Nobody aspires for their child ever to sustain a significant injury. You could feel terrified, anxious, and outraged following an accident that occurred to your child. If the damage was brought on by someone else’s negligence, such as a careless school bus driver or a dog owner, you might be able to get your kid some money back by filing a personal injury lawsuit. But before you can make a claim, you need to be aware of the particular legal rules that apply to situations involving child injury.
It might be challenging to understand the complex regulations governing child injury claims on your own. You simply want to give your child an opportunity to recover and pay for the expenditures associated with the injury at this time. Speak with a personal injury lawyer in Grand Junction to learn how frustrating the claims procedure can be. As a result, we handle all of the grunt work for our clients each step of the way. Visit this website to know more!
Legal Counsel for Your Children
According to Colorado state law, minors must wait until 18 years old before making personal injury claims or accepting settlements. Adult consent is necessary for all legal actions because juveniles are not considered mentally competent to approve legal agreements, whereas adults are free to make legal judgments.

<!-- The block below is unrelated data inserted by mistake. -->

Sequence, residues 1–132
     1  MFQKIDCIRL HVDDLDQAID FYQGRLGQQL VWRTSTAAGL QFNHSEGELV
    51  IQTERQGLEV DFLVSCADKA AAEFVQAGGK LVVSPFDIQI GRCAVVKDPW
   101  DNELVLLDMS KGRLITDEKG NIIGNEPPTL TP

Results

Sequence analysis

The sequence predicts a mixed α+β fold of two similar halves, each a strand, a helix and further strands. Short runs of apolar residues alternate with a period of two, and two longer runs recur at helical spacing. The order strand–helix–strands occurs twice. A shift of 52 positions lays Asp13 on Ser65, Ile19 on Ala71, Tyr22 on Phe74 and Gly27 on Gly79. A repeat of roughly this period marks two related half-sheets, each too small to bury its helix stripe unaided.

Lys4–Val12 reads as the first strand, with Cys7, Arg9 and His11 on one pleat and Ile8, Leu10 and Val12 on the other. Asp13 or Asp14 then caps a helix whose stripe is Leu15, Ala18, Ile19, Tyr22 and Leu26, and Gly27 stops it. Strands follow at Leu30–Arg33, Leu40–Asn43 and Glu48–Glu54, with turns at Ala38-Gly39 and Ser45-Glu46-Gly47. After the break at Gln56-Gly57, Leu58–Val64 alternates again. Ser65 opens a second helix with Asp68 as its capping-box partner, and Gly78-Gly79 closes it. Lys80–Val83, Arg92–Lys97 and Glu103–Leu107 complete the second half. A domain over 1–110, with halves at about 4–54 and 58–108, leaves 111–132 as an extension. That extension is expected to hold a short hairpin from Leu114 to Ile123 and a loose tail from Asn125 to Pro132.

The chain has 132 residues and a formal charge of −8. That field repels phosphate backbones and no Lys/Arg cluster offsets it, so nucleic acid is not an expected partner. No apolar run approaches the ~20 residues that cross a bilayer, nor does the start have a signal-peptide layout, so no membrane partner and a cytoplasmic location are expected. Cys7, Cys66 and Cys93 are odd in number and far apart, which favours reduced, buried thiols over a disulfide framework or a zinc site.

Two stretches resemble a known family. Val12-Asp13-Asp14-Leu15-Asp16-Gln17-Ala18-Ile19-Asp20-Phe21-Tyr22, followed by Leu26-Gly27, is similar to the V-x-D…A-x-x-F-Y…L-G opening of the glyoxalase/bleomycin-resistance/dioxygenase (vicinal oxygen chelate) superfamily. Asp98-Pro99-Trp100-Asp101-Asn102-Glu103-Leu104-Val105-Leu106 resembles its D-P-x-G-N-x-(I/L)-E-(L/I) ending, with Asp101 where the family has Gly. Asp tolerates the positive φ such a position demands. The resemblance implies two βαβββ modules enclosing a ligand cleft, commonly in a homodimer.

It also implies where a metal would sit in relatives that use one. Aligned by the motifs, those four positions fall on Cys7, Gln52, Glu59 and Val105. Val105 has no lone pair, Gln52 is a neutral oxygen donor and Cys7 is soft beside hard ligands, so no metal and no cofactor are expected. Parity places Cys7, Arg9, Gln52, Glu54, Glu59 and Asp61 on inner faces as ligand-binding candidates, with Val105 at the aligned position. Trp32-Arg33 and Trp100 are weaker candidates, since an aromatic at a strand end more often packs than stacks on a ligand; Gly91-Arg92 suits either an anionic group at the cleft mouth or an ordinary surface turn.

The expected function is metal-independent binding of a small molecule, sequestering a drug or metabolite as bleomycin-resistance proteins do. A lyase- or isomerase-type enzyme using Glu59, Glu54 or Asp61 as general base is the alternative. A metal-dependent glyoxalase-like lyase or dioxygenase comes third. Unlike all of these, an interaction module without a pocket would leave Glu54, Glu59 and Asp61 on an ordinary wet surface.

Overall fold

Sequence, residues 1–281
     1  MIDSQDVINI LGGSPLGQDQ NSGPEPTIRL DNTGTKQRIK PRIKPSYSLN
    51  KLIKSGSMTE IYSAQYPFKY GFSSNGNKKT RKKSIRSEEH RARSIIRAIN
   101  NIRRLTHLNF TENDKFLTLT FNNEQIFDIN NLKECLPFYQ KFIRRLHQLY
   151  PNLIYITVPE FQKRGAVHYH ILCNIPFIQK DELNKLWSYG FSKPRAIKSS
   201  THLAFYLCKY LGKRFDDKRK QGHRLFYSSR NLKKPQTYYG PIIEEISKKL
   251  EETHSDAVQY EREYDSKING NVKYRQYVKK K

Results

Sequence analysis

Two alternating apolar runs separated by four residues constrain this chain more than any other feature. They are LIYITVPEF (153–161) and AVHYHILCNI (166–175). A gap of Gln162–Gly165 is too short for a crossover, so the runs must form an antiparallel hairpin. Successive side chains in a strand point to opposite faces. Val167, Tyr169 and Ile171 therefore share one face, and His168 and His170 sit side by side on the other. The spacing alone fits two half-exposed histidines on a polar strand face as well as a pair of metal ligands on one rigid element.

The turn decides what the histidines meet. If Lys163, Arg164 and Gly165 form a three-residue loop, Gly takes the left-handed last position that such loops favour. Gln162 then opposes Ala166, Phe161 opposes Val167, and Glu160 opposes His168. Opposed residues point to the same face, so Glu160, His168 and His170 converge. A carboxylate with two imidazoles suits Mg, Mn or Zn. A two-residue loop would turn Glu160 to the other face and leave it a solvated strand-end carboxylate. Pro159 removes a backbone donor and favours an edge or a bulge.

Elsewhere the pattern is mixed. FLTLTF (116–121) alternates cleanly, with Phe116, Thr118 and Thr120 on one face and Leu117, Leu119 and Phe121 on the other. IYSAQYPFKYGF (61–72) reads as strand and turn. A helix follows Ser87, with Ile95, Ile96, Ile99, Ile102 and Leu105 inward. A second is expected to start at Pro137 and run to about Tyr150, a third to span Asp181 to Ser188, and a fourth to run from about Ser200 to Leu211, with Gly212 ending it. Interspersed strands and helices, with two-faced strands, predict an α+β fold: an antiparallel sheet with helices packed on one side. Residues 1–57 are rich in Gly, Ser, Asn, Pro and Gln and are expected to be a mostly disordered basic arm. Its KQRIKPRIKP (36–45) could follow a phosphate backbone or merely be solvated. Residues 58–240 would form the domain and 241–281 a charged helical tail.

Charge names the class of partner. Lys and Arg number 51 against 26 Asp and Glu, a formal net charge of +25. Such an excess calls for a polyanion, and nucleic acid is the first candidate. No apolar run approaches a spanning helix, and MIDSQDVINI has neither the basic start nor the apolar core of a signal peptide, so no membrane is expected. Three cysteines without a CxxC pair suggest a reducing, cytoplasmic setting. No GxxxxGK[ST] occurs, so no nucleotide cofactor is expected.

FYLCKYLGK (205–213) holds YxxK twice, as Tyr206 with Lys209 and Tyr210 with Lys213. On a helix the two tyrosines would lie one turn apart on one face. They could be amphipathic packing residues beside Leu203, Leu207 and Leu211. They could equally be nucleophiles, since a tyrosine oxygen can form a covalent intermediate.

Colorado courts have the authority to choose a legal representative to represent the minor in a personal injury claim to circumvent this problem. This person may be a parent, grandparent, legal guardian, or any other person the court finds appropriate to serve in this capacity. Often, a child’s parent may ask the court to be appointed as the legal representative.
Child Injury Reimbursement
The purpose of a typical personal injury claim is to get financial compensation for the plaintiff’s injuries, including the expense of medical care and lost wages, as well as the psychological and physical toll (pain and suffering). Typically, compensation for medical expenses and pain and suffering damages will be the major priority in cases involving children.
Parents may still be entitled to compensation for out-of-pocket expenses if they directly paid for any medical care received by the child or lost pay if they had to take time off work to care for the child. The cost of your legal representation will be added to the total amount of your claim if you are working with a lawyer on a contingency basis (30-40% on average).